PHILADELPHIA (CBS) — For the first time Thursday, Arlene Ackerman admitted her future as Philadelphia Schools Superintendent is in doubt, and she called on the School Reform Commission to make a decision quickly: either support her or ask her to leave.
Ackerman’s comments come after weeks of speculation about her future in Philadelphia as it appeared she was losing the support of the SRC. On Wednesday, she met behind closed doors with supporters to map a path forward while publicly saying she planned to stay on as superintendent.
But on Thursday, addressing the district’s principals before the start of the new school year, she acknowledged that year might not include her.
“Whatever happens to me, I have touched the future of thousands of children in Philadelphia for the better,” she told the principals. “I’m guilty of doing this job, even if it means I won’t be able to keep a job.”
During Ackerman’s remarks, she blamed her aggressive management style for her current predicament but did not apologize for it.
“I’m guilty of putting children, not politics, first,” she said. “I’m guilty of believing when kids fail, the system fails and adults have to be held accountable.”
Since the spring, the district has struggled with a $650 million budget shortfall, and over the last few weeks, Ackerman appeared to lose the support of her bosses – the School Reform Commission. At a meeting on August 3, they took up a plan to cut one of her favorite programs, “Promise Academies.” Under that program, the district invests extra dollars in its lowest-performing schools to turn them around. But “Promise Academies” are expensive, and some say the district cannot afford them.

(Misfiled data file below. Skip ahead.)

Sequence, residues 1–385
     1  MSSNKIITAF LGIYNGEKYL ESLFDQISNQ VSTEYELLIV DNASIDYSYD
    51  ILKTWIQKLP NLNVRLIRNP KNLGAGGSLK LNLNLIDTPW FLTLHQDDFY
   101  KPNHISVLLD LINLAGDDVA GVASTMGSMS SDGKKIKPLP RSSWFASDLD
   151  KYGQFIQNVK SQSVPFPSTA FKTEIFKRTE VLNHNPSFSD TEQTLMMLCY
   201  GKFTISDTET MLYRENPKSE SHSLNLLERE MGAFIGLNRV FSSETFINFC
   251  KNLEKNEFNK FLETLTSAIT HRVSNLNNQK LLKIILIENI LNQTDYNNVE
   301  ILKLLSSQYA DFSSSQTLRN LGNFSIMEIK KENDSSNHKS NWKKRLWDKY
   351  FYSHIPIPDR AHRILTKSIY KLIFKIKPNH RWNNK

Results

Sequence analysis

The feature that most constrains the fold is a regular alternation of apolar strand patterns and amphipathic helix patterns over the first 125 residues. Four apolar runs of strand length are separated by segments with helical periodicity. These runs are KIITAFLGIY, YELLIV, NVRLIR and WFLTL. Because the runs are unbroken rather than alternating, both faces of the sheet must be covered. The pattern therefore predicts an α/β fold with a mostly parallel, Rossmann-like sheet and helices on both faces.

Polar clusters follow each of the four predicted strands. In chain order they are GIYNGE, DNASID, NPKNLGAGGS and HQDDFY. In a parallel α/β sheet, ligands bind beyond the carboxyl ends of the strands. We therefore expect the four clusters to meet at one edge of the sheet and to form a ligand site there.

On Wednesday one of Ackerman’s biggest supporters, State Senator Anthony Williams told reporters she had lost the support of SRC Chairman Robert Archie.
“I don’t know. I haven’t heard that from Mr. Archie,” she said Thursday when asked about that. But she admitted the SRC may be considering making a change in her position. She called on them to make a decision quickly.
“I think it’s important for the school district to move on, whatever the decisions are going to be,” she said. “It’s only fair for the students, whatever the changes may be … to know what to expect.”
She would not talk about whether she believes she deserves a buyout (under her contract she could get up to $1.5 million to leave her post now). But she said she’s at peace with whatever her future holds.
Archie has stayed largely silent on Ackerman’s future, except to issue a brief statement of support, saying he would not speculate further. A spokesman said Wednesday that he’s on vacation.
Reported by Ben Simmoneau, CBS 3